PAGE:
Questioning Technology: WebTV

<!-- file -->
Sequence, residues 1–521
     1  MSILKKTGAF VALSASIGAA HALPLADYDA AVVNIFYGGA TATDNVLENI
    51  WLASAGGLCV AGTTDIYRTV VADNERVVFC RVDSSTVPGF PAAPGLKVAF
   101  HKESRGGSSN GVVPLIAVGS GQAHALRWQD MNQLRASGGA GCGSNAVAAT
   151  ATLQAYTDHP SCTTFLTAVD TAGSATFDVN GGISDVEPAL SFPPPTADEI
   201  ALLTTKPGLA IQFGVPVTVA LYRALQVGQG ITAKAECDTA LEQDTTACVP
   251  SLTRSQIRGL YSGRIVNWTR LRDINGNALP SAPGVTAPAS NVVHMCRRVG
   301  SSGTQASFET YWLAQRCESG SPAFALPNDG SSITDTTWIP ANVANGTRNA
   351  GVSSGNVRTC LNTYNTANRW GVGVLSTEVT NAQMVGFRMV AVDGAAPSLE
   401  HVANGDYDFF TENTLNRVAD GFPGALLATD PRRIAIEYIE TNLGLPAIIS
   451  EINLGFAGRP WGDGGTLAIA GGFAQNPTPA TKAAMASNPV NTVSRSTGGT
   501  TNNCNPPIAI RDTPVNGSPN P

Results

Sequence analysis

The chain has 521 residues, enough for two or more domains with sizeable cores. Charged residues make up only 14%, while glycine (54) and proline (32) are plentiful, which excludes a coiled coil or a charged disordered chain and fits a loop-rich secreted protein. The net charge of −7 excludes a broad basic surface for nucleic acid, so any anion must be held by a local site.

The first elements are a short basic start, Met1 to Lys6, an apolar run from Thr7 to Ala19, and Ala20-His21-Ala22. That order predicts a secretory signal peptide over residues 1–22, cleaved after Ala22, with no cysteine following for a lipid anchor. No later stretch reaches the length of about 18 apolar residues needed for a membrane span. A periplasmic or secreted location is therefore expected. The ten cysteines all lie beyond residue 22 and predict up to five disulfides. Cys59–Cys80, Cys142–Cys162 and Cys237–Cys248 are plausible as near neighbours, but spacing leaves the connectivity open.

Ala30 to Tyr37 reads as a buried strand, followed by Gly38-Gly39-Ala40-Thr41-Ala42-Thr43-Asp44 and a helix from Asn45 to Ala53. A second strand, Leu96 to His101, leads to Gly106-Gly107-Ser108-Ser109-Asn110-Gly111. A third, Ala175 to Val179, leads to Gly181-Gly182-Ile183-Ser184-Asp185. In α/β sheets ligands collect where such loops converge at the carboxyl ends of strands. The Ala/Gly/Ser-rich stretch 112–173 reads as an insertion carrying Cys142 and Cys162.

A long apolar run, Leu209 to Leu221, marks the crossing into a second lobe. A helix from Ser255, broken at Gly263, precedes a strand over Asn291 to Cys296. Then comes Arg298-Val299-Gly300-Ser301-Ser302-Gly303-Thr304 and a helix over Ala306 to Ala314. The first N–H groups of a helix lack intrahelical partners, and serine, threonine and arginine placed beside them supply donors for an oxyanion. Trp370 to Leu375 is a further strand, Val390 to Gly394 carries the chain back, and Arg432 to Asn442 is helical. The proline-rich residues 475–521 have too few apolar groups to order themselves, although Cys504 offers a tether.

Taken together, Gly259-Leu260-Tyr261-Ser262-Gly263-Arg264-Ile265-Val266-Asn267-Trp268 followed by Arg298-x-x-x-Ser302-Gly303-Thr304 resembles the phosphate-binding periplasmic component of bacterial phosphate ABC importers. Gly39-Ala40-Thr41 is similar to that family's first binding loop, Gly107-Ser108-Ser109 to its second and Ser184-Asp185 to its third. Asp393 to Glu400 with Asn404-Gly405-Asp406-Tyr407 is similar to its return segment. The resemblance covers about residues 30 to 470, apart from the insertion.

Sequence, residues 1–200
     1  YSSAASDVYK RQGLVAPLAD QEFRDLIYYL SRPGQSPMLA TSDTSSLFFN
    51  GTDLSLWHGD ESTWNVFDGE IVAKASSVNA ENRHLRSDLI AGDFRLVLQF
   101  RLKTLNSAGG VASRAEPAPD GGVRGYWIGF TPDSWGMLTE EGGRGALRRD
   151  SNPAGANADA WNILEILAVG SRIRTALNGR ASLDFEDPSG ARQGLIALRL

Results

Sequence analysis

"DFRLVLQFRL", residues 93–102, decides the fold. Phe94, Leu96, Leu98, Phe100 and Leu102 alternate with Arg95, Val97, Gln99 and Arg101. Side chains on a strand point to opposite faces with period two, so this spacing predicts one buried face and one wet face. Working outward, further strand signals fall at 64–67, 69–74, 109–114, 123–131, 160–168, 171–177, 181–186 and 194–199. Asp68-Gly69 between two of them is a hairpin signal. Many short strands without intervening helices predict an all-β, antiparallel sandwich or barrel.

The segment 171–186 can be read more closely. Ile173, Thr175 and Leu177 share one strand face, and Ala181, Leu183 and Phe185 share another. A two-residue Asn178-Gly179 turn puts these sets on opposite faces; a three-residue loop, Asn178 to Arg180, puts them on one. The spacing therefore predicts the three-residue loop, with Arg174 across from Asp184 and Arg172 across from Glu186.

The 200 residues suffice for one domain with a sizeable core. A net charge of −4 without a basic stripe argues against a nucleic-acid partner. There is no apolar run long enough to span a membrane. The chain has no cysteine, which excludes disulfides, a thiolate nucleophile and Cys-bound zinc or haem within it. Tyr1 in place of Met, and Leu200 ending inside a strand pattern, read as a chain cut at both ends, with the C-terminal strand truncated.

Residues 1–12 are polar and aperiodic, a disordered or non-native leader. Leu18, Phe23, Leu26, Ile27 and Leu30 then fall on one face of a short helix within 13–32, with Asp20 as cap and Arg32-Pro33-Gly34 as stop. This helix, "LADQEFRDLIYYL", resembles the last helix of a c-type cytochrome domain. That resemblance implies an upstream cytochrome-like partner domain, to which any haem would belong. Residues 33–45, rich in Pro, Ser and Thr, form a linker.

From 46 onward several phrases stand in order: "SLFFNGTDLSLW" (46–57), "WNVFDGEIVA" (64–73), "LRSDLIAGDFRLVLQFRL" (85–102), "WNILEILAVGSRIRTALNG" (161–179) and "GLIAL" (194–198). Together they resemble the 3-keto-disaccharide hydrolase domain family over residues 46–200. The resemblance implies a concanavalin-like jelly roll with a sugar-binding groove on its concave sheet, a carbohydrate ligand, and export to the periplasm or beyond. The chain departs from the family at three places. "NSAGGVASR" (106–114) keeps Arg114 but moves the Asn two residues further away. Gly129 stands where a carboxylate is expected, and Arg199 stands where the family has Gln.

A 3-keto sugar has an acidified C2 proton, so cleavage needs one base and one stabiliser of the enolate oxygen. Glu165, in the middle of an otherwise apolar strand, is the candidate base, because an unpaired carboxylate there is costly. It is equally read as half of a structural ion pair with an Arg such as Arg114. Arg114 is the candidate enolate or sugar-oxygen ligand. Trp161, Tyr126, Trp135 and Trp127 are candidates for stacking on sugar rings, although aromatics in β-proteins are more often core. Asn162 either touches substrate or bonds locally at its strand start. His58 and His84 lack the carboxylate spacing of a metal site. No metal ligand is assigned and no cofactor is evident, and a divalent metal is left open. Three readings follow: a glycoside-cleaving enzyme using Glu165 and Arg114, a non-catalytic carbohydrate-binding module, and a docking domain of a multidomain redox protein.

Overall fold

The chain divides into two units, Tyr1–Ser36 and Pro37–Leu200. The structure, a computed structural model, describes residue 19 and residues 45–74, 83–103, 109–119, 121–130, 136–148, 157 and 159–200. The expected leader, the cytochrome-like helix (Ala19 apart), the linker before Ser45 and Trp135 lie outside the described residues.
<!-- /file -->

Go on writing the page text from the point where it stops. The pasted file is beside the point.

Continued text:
In the most aggressive move yet to bring Internet access to non-computer users, Sony and Philips have teamed with three top former Apple Computer engineers to launch WebTV, the world's first TV-based online service. If successful, the venture will allow cheap and easy Net access from any TV set without a personal computer.Slated for a fall launch, WebTV will use digital set-top boxes built by Sony and Philips, the electronics manufacturers. The boxes will be sold in electronics stores for a few hundred dollars. When hooked to a phone line and TV set, the box, its inventors claim, will offer dramatically easier and more reliable Internet access than even today's best PCs.Founded last year by three Apple veterans now in their early 30s, WebTV Networks has been secretly developing its Internet TV capabilities under the fictitious business name Artemis Research in the garage of a former automobile dealership in Palo Alto, CA.The key players behind breakthrough technology are Steve Perlman, designer of much of the underlying video, graphics and multimedia technology in the Macintosh computer; Bruce Leak, creator of Apple's 32-bit Color Quickdraw and industry-standard Quicktime multimedia software; and Phil Goldman creator of Multifinder, the heart of the Macintosh operating system.WebTV claims it will do what no company has done before: bring simplicity to surfing the Internet. With a single click of the power button on the remote control, the set-top box automatically finds a phone number, configures itself and connects to the Internet. The process is so simple, the company claimed, that non-technical users can install the equipment, register with the WebTV online service and begin exploring the Internet within 15 minutes.WebTV has been designed, its creators say, to naturally translate material designed for computer display to the entertainment television platform. Web pages are processed through special hardware and software for display on television sets. This new processing technology, the company said, makes the Internet browsing experience faster and more reliable than current browsing on today's IBM-compatible and Macintosh computers."Until now the Internet was available only to those with computers and the skills to operate those systems," said Perlman. "By creating a genuinely affordable, easy-to-use product that leverages the television set and the telephone line found in virtually every household, WebTV makes web surfing a natural extension of the TV viewing experience."Viewing computer data on a standard TV set is usually a disappointing experience. Because of TV's interlaced scanning method, text and graphics lack detail and are hard to read. However, in public demonstrations, WebTV displayed sharp and flicker-free images of web pages on standard television receivers. This is the result, the company said, of a new technology called "TVLens" that eliminates interlace flicker without blurring. The process is said to improve perceptual image quality, making text more readable a few feet from the TV screen.Other WebTV features that add television-like characteristics to web information are a complete 16 million color palette; transparency (which enables text and images to appear translucent when they are superimposed on another image); and the use of dissolves, wipes and cross-fades as transitions between images.User interactivity is through a thumb-operated remote control or optional wireless keyboard. The set-top box comes with an internal 33.6 Kbps V.34bis modem augmented with a new technology that allows incoming calls when WebTV is used on a call-waiting-equipped phone. In addition, each set-top box is equipped with a 1.8 gigabit per second data port that will allow connection with much faster cable TV modems when that service is available.Although WebTV complies with current Internet standards, it is designed to absorb changes as the Internet evolves. Every time a set-top box connects to the WebTV network, it checks for software updates. When enhancements are released, the box automatically updates itself by storing the new data in flash ROM memory.Though WebTV's technology allows unrestricted Net surfing without a costly personal computer, the new set-top box is clearly designed to tap into the Internet's flashier entertainment side. In addition to digital video and CD-quality audio capability, the box has a special "Smart Card" slot in the front. You guessed it! This will allow instant purchases over the Internet using special versions of Visa, Mastercard and ATM bank cards.